Beast of the Yellow Night is included in the six film, 3 DVD collection The Devil at Work, a box set from Gryphon of devilish tales from the 1930s to 1970s. The full list is The Devil’s Daughter (1939) and Devil Monster (1946) on disc 1, Devil’s Partner (1963) and Beast of the Yellow Night (1971) on disc 2 and How Awful About Allan (1970) and Good Against Evil (1977) on disc 3.

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Transfer Quality

Video

     Beast of the Yellow Night is presented in a ratio of 1.33:1, and is not 16x9 enhanced. The print is NTSC format. The original theatrical ratio was 1.85:1, and this is only the start of the problems.

     First, the good news. While there are occasional dirt marks and scratches, they are infrequent and hardly noticeable. From there it gets worse. For most of the first half of the film there is edge enhancement and a prominent halo effect around characters. There is also occasional macro-blocking (see the fire 79:27 but it also occurs earlier), chroma noise, reel changes, missing frames and a red tinge to many of the skin tones. Colours are dull. Brightness also varies, but the real issue is the detail, which is indistinct to non-existent and, as noted in the review, it is sometimes impossible to see what is happening. Try also freezing the film on the caption at 10:37 and trying to read what it says.

     A number of times, including 10:05, 32:15, 54:14 and 75:14, a white “Mill Creek Entertainment” logo appears in the bottom right hand corner of the screen. It is quite distracting.

     There are no subtitles, not even for a lengthy section of Filipino dialogue.

Video Ratings Summary
Sharpness
Shadow Detail
Colour
Grain/Pixelization
Film-To-Video Artefacts
Film Artefacts
Overall

Audio

     Audio is an English Linear PCM track at 1536 Kbps. The dialogue is fine, effects dull but acceptable and my system redirects some music to the surrounds. There is no sub woofer use. There is noticeable hum in quiet moments, the occasional drop out and a loud crack at 60:27.

     The score by Nestor Robles sounds more like TV themes but is quite melodramatic and mostly works.

     Lip synchronization issues were sometimes evident, but not overly so.

Audio Ratings Summary
Dialogue
Audio Sync
Clicks/Pops/Dropouts
Surround Channel Use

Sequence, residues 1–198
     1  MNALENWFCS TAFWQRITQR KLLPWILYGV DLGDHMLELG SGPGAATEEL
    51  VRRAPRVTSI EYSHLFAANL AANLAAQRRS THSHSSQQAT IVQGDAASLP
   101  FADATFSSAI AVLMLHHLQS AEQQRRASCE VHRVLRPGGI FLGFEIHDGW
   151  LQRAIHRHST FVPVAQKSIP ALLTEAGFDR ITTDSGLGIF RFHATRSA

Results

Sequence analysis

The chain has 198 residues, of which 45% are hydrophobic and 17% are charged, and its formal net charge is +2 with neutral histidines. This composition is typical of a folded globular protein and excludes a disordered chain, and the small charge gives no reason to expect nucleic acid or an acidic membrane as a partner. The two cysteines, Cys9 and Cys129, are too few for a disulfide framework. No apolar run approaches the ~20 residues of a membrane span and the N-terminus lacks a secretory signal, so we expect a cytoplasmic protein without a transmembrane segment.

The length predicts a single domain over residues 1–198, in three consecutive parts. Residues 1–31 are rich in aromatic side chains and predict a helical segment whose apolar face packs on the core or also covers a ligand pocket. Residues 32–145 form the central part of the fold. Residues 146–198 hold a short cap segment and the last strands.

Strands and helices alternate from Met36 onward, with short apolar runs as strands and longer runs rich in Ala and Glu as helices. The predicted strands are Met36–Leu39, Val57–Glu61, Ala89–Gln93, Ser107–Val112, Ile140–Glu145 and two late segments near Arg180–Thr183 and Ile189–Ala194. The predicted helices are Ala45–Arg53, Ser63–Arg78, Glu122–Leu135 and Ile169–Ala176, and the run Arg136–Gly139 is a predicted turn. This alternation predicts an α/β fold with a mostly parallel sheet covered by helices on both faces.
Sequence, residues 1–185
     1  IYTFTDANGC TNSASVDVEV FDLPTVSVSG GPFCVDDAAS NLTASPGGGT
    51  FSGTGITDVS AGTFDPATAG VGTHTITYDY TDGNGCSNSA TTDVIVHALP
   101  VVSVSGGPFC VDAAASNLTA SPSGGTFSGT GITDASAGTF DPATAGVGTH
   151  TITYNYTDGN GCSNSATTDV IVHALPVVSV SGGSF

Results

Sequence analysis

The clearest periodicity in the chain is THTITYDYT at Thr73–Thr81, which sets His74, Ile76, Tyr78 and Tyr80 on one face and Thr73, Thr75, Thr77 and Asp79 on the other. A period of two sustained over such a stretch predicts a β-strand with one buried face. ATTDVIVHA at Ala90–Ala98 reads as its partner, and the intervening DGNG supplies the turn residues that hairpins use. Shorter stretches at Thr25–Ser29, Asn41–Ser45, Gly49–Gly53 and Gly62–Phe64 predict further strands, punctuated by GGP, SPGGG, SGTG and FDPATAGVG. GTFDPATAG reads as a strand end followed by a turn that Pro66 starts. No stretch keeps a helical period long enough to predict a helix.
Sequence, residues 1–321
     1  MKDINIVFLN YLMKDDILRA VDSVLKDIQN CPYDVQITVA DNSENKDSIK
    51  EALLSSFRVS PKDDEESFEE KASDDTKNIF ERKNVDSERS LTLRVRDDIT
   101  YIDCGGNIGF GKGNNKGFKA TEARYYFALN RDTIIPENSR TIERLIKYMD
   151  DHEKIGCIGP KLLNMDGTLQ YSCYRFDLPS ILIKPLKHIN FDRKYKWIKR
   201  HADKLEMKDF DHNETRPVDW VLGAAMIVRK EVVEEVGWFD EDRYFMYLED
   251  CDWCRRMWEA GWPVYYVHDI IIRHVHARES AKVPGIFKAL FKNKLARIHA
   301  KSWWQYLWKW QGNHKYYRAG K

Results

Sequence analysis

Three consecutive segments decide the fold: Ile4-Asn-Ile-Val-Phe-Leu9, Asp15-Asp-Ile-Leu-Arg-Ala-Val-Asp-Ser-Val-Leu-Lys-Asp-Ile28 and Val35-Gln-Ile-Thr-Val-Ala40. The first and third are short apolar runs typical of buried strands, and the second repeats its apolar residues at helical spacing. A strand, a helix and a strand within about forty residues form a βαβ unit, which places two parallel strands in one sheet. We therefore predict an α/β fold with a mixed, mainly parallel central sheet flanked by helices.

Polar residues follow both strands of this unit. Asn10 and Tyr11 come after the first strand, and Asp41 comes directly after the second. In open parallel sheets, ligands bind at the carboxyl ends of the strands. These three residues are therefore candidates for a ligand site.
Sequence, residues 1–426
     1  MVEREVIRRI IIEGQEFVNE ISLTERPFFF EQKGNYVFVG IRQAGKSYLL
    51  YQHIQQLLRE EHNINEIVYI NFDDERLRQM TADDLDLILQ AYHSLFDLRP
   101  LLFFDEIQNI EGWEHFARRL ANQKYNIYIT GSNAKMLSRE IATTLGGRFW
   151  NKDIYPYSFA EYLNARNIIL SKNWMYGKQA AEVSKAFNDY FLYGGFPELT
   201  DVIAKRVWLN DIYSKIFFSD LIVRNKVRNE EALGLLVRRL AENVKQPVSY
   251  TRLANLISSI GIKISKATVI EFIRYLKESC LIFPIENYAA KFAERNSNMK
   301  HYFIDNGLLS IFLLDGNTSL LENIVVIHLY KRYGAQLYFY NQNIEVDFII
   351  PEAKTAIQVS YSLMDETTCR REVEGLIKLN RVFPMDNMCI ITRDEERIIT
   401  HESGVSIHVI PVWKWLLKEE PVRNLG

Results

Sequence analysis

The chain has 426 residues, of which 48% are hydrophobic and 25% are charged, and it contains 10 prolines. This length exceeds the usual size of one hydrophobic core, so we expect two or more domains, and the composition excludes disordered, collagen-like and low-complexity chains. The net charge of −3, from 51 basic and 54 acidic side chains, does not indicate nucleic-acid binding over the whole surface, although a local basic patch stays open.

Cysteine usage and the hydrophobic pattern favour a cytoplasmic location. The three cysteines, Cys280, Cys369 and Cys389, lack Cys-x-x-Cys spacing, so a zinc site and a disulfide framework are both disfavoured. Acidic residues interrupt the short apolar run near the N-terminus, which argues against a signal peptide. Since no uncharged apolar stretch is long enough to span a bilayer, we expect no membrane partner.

Subwoofer
Overall

Extras

     None.

R4 vs R1

NOTE: To view non-R4 releases, your equipment needs to be multi-zone compatible and usually also NTSC compatible.

     The Region 1 US version is 1.85:1 non-anamorphic. It does have some extras, including a trailer, “Remembering John Ashley” featurette, and a John Ashley Photo Gallery. Reviews indicate that the video is in good shape but with dull colours. There is also a US double feature available with Keep My Grave Open (1976). I can find no information about the audio or state of the video on this release.

     I cannot find any equivalent to The Devil at Work package in any region.

Summary

     Beast of the Yellow Night is an entertaining film spoiled by the DVD presentation. The video is poor, the audio acceptable and there are no extras. If you enjoy this type of film, and there is certainly much to enjoy here, you are better off sourcing the US edition.

     Beast of the Yellow Night is included in the six film, 3 DVD collection The Devil at Work, a box set from Gryphon of devilish tales from the 1930s to 1970s for a RRP of $19.95.

Ratings (out of 5)

Video
Audio
Extras
Plot
Overall

© Ray Nyland (the bio is the thing)
Friday, April 15, 2011
Review Equipment
DVDSony BDP-S350, using HDMI output
DisplayLG 42inch Hi-Def LCD. This display device has not been calibrated. This display device is 16x9 capable. This display device has a maximum native resolution of 1080p.
Audio DecoderNAD T737. This audio decoder/receiver has not been calibrated.
AmplificationNAD T737
SpeakersStudio Acoustics 5.1